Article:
[E]. PERIOD: 1957 - 1970 /cont'd
Reduction of income concentration coupled with economic growth in Japan
High level of income concentration and contributing factors
Prior to the two World Wars, the level of income concentration in Japan was notable. Between 1885 and 1940, the richest 1% of the population possessed between 14%-20% share of income. This proportion halved to between 6%-9%, post World War 2. The dilution in the income share of the top 1% was due to several reasons. To understand the reasons for this dilution, one has to first understand the contributing factors to income concentration.
The two main sources of income prior to the World Wars were capital income (dividend and rent) and business income. This was because:
Government policies that reduced the level of income concentration
After World War 2, income concentration of the richest 1% diluted dramatically due to several factors:
One of the major factors that made income disparity reduction efforts in Japan so effective was that the Japanese government approached the issue of income inequality on a two-dimensional basis - stock and flow, whereby the two are interrelated. In general, by reducing the stock element, flows are simultaneously reduced as well. For instance, in the case of land redistribution, by reducing the concentration of land ownership (stock), concentration of rent received (flow) from that land was simultaneously reduced. Similarly, when concentration of equity ownership (stock) was reduced, the concentration of dividend income (flow) also fell correspondingly.
- Dilution in business ownership and reduction in dividend income
- First, the War destroyed 25% of physical capital, mainly in the metropolitan areas, having devastating effects on their owners.
- Secondly, the government intervened to cap dividend rates at 8% in 1940, and subsequently, at 5% in 1945, compared with 10% in 1935. Also, the average dividend to profit ratio fell to 50% in the 1950s from nearly 70% in the 1930s.
- Thirdly, between 1946 and 1948, the zaibatsu were dissolved. Although the dissolution of the zaibatsu had more to do with America's attempt to prevent Japan from rising as a formidable economic power than to promote income equality, the end result was that income concentration declined. This was because the directors of the firms were expelled, and their shares were confiscated and redistributed to a large number of employees and other investors at the market price. Inevitably, this transferred wealth from the high end to the lower end of income earners.
- Dilution in land ownership and rental income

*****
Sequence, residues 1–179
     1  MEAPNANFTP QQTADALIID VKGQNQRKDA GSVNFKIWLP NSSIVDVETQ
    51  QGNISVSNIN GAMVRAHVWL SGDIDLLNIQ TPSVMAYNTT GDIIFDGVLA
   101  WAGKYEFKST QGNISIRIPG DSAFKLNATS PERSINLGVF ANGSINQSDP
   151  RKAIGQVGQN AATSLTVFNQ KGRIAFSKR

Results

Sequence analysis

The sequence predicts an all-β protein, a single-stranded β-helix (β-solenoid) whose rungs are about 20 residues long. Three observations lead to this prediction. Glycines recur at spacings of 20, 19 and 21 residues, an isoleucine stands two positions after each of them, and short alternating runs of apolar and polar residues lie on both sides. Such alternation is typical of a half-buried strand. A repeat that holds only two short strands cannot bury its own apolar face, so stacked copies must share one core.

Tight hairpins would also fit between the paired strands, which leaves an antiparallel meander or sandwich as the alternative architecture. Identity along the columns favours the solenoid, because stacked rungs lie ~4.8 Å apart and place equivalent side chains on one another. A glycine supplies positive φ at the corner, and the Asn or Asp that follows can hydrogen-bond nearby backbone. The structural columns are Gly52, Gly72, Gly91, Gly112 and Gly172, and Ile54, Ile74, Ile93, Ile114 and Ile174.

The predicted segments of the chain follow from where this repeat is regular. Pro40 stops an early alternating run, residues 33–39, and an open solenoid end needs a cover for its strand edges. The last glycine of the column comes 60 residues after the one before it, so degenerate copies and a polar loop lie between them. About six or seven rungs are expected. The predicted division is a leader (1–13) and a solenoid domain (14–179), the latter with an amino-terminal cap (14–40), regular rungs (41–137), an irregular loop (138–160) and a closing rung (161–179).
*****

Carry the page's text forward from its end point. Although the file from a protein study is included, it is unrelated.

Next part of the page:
- First, the government expanded its land redistribution policy in 1938, and again in 1943 with the objective of increasing food production. Here, farmers were encouraged to gain ownership of cultivated land. Moreover, in 1941, the government established a two-tier pricing system that paid higher prices to the owner-farmers and tenants who actually cultivated the land than landlords who did not.
- Secondly, in 1939, controls were imposed on rent and land prices, increasing the value of tenancy vis-a-vis landowner rights.
- Thirdly, the government implemented land reforms between 1947-1950, which mandated landlords to sell their farmlands to ex-tenants, diluting land ownership. As a result, the percentage of land cultivated by tenants plunged from 46% in 1941 to 9% in 1955.
- Fourthly, the implementation of progressive property tax between 1946 and 1951 led to the dilution in wealth derived from land ownership. On average, the tax amounted to 33% of households' property value. However, tax on the property of the top 5,000 households was more than 70%.
- Lastly, the commercialisation of agriculture and the rise of tenant unions led to lower rents and stronger tenancy rights.
- Reduction in compensation for top executives and increase in employee benefits
- The executive bonus at the five leading electric power companies plunged from 28 times of average income per capita in 1936 to 1.5 times in 1955. Moreover, bonuses paid to directors in the leading manufacturing firms fell to 2% in the 1960s, compared with 6% in the 1930s and the top 10 shareholders no longer held directorship positions by 1947.
- As lifetime employment became a hallmark of Japanese human resource management, the top managerial positions were progressively filled with long-term employees who tended to promote the welfare of the employees more than corporate shareholders.
- Single-enterprise unions, which constituted blue-collar employees, white-collar employees and middle level managers, were established. Hence by the 1970s, corporations' management regularly consulted with unions over personnel matters such as wages and other fringe benefits.
- Changes in corporate governance and union structure resulted in lower dividend rates, less concentration of shares among individual shareholders and more equal inter-firm, as well as intra-firm wage distributions.
Thus, by implementing policies that in nature redistributed assets, income derived from these assets was inevitably reduced. Such policies include the aforementioned land redistribution policies and the dissolution of zaibatsu ownership. Additionally, policies that prevented the transfer of wealth to future generations were also implemented. In 1947, new inheritance laws abolished primogeniture and mandated the division of assets among children and spouse. Subsequently, the government initiated highly progressive estate and gift taxes that made inter-generational transfer of wealth much more difficult.